Is wine tasting reliable and consistent? Study says no

Think you can tell good wine from less good wine in a blind tasting? Think again. Robert Hodgson, a professor turned vintner, has published a study analyzing the performance of expert judges in the California State Fair wine competition for the years 2005-2008. His conclusion? In about half the cases the wine, and only the wine was the deciding factor.

How could he tell? Judges try wine in flights of about 30 wines each. The researchers included three different pours of four wines in one of the flights, so each judge tried four wines three times. The wine was poured from the same bottle each time. You can read the full article here. Interestingly, the article suggests that judges were more consistent at judging wine they thought was of very low quality.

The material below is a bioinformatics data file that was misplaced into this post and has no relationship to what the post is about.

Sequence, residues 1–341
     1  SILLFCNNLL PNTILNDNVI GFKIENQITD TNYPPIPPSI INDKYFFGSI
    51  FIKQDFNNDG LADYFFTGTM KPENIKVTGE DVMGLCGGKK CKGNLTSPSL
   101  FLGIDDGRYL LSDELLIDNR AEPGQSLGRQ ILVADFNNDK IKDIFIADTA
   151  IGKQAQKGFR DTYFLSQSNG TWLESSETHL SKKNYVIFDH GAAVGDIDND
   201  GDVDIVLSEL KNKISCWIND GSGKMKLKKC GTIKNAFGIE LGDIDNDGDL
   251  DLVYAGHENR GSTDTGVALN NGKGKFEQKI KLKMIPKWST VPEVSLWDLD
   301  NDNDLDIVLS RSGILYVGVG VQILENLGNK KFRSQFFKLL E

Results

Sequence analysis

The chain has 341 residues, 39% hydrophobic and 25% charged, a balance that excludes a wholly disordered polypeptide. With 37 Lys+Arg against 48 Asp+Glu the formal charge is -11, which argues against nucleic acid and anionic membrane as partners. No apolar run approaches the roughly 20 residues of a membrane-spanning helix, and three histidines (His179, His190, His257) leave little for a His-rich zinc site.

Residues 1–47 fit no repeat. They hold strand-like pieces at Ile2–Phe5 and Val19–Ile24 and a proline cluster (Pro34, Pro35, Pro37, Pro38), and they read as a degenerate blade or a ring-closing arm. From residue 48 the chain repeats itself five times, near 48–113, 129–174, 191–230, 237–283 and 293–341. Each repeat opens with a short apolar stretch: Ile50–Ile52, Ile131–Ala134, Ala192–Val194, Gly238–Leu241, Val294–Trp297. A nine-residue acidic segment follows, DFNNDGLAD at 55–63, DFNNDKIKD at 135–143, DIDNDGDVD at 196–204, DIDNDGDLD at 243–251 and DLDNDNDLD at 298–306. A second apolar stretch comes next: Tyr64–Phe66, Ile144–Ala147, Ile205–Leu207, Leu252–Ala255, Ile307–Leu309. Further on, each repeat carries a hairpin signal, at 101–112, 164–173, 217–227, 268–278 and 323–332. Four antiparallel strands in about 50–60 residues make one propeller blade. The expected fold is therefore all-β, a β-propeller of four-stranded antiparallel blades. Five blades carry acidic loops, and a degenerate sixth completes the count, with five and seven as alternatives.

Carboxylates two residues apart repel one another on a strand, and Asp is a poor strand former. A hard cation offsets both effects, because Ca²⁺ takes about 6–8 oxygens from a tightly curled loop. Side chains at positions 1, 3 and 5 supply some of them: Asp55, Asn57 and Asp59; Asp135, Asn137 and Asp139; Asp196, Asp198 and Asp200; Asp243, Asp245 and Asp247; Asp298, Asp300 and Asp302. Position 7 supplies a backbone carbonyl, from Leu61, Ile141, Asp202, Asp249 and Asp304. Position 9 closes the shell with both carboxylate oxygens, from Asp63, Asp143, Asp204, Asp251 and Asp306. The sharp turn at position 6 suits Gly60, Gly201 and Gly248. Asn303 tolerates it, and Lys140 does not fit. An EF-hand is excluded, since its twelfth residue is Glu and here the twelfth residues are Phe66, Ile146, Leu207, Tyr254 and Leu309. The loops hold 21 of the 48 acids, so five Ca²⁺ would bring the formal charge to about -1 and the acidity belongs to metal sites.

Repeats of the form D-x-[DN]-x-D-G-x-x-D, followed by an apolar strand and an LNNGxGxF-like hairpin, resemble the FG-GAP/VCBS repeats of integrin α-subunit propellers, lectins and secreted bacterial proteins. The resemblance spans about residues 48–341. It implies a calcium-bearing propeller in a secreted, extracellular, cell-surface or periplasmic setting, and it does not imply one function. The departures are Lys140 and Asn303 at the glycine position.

But wait, there's more. Hodgson was able to compare judge performance from year to year. According to this article in the Guardian:
"The results are disturbing," says Hodgson from the Fieldbrook Winery in Humboldt County, described by its owner as a rural paradise. "Only about 10% of judges are consistent and those judges who were consistent one year were ordinary the next year.
 Wine is complex, and a lot goes into tasting it, including the wine's temperature and what the taster ate earlier that day. So if you pick wine by the medals it has won, well, maybe you'll like it but maybe you won't.

According to the Guardian there does appear to be a scientific basis for the practice of drinking white wines while eating fish.
Researchers from Japanese drinks firm Mercian tested 64 varieties of wine with scallops, and concluded that the iron content of red wine speeded up the decay of fish, resulting in an overly ‘fishy’ taste.
How do you pick wine?

Thanks to Eli Molin for the article in the Guardian. Image via Clown Fish Wines.

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